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Rita

The Great Zaganza furrows his brow, stretches out one hand and says “Nothing’s jumping out at me,” and then something does. It gives an impression of mostly teeth.

Rita tackles him hard as Sandra pivots in, hammering the thing down with one arm. It bounds up, snarling, high-pitched. Rita throws Zaganza aside and scrambles for her holster, too slow–

Zip. Zip. Mary’s silencer jerks twice; it hits the floor with a wet thud.

“Corticophore,” she says. “Smells psychoactivity. Guess you’re the real deal, Z.”

Zaganza’s cheek twitches. He’s very pale. Rita has difficulty getting an exact count of the creature’s mouths.

Rita

Rita’s vaguely aware that she’s dreaming. The Cold Man is in her dream, and he’s sitting at a table with other men. There’s something wrong with them: a flickering in peripheral vision, a cruel and articulated menace, hint of beetle-wing sheen.

The Cold Man removes his hat. His head has shrunken and withered, and his eyes are darkly enormous. “I am jessed and hooded,” he tells her, and somehow this makes a terrible sense. “They have made of me a dog to hunt.”

A deep gasp of cold air, and her hand is on the Glock before she knows she’s awake.

Rita

The Cold Man has a severe, chattering stutter, something she didn’t expect from somebody with his curriculum mortis. Thirty-two professional icings, fewer than sixty bullets.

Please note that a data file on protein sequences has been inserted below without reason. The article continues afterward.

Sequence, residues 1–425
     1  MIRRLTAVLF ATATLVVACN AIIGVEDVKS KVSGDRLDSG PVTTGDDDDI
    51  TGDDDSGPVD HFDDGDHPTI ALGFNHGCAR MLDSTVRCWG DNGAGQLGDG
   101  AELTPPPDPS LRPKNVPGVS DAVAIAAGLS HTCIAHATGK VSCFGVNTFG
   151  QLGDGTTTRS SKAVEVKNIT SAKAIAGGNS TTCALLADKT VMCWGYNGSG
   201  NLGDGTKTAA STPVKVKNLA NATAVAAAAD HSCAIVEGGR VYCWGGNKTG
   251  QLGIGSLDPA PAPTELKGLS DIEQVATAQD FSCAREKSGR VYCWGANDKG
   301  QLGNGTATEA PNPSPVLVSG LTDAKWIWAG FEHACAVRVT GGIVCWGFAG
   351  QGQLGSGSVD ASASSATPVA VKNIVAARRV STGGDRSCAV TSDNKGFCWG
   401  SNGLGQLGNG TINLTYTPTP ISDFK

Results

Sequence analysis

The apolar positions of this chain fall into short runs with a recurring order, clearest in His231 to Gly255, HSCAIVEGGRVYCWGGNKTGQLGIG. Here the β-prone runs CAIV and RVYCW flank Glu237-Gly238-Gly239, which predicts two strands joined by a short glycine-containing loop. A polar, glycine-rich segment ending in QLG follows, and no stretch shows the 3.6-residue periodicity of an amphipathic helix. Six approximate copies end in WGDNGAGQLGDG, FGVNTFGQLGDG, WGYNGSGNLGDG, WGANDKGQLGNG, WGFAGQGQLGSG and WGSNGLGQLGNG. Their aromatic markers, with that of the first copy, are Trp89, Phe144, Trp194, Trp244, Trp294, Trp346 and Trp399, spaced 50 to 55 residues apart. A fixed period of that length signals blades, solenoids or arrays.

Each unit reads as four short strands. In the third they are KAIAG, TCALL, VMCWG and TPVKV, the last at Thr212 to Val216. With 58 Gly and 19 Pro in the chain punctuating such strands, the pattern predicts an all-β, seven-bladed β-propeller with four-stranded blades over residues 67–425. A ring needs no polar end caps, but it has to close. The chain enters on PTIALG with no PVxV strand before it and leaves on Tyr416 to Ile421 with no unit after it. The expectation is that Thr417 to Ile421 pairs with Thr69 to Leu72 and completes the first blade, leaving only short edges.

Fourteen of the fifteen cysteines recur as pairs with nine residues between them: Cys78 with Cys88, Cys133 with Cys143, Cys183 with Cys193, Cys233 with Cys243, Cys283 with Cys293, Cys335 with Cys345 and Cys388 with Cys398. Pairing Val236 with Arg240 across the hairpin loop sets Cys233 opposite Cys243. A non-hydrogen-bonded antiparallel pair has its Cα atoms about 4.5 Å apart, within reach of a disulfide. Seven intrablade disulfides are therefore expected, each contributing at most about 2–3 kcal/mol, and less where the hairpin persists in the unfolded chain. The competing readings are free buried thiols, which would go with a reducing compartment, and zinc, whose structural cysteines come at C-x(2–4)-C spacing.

“N-ni-n-nice to mee-m-m-meet y-you,” he finally manages after bowing to Rita, hand in glove. “H-h-h-hear you d-do-d-do ex-ce-ek-excel-e-excel–”

“Charmed,” she’d said, but now, watching by remote, she’s not so forgiving. “He’s just walking in!” she says urgently. “There’s temp-variance alarms everywhere, dogs, who knows –”

Sandra leans over and taps the infrared. Impossibly, he disappears in a wash of blue.

“Why’d you think we called him that?” she asks, amused. “Because he talks funny?”

Lou

His hat’s a Borsalino, silk-trimmed, just like on TV. He dons it smoothly.

“Yes,” he says. His voice is different, though: clipped, calm, professional. “It was necessary to temporarily achieve a measure of protection against agencies desperate to conceal their existence. Fame served admirably.”

She hesitates. He smiles.

“Your skills will prove invaluable, Ms. Fairfields, in completing my squad.” He gestures, and three of the most dangerous women on earth step forward. “Rita: Tina, Sandra, Mary. You see,” and there’s a ghost of a laugh there, “those who joked about Numbers One through Four were more right than they knew.”

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